Saskatoon

Saskatoon Fringe Fest show puts crow's life in stark relief

Vancouver-based performers Chloe Ziner and Jessica Gabriel see a lot of human-like qualities in the flocks of crows that are a fixture in their west-coast city.

Caws & Effect is running in Saskatoon as part of the PotashCorp Fringe Theatre and Street Festival

Caws & Effect is showing in Saskatoon as part of the 2016 PotashCorp Fringe Theatre and Street Festival. (Submitted by Mind of a Snail)

Vancouver-based shadow puppeteers Chloe Ziner and Jessica Gabriel see a lot of human-like qualities in flocks of crows that are a fixture in their west-coast city. 

The glossy, black birds are intelligent, social and they can problem-solve. Some say their "accents" change region-by-region. 

But, unlike most humans, crows don't have the potential to change their surroundings . 

'Caws' and effect

Inspired by the thousands of crows that fly by their Vancouver home every day, Ziner and Gabriel have written a shadow puppetry production that explores what would happen if the birds had greater control over the world around them. 

Their show, Caws & Effect, is running at the Kinsmen Hall in Saskatoon from July 29-Aug. 6 as part of the 2016 PotashCorp Fringe Theatre and Street Festival. 

A multi-layered performance

The production combines clowning, shadow puppetry, costumes and layered visual projections. 

Ziner and Gabriel perform as the crows, who speak only in "caws", which are translated in a language bubble.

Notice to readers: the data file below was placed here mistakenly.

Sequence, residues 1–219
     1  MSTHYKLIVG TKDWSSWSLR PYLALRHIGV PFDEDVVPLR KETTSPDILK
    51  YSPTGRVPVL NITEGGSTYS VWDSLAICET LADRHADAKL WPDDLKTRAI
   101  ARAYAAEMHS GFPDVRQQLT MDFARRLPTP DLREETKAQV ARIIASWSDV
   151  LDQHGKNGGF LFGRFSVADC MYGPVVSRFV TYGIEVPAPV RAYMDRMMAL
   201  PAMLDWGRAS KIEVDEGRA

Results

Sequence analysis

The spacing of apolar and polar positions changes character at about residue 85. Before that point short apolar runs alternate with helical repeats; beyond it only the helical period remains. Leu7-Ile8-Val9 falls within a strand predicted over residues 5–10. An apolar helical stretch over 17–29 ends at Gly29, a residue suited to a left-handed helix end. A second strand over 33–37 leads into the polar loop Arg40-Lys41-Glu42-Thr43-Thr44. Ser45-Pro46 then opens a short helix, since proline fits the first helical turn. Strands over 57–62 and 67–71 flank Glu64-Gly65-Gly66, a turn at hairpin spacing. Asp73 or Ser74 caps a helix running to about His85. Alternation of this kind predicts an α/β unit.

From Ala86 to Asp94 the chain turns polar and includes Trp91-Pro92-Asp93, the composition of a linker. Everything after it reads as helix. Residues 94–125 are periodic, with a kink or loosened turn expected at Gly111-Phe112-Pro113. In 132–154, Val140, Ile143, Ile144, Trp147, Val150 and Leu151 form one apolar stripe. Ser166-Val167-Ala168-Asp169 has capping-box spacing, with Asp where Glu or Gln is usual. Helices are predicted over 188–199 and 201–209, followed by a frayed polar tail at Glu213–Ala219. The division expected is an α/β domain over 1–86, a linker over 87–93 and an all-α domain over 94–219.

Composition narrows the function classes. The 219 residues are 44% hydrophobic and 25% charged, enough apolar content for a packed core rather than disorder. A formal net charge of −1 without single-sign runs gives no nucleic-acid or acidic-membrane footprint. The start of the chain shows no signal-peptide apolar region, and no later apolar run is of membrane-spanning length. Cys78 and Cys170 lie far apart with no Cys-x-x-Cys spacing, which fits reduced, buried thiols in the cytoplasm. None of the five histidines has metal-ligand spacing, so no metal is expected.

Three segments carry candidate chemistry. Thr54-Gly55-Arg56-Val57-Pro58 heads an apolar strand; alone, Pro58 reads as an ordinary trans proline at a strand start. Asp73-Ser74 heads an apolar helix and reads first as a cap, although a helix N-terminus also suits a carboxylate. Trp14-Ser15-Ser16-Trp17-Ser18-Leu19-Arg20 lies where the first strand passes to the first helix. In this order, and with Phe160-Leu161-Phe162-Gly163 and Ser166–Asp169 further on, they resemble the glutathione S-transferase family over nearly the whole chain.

The story follows a pair of crows and their discovery of a seed which holds the potential for a different future. 

"It represents potential and the potential of kind of ideas and change and future possibilities," said Ziner.

"And so the story is about: What if crows had the potential to change their surroundings?"

Shadow puppeteers Chloe Ziner and Jessica Gabriel see a lot of human-like qualities in flocks of crows. (Submitted by Mind of a Snail)

The story is self-described as a "modern fable" and a "tongue-in-cheek nature documentary" with environmental themes. 

Shaping the world

Gabriel said the show was not "preachy" and did not attempt to impose opinions on its audience.

"However, we all live in a world and we all have power to shape our world in different ways," she said. 

"So I think it's an interesting explanation of both the good things and the bad things that can happen when you make decisions that you think are for the best."

With files from CBC Radio's Saskatchewan Weekend

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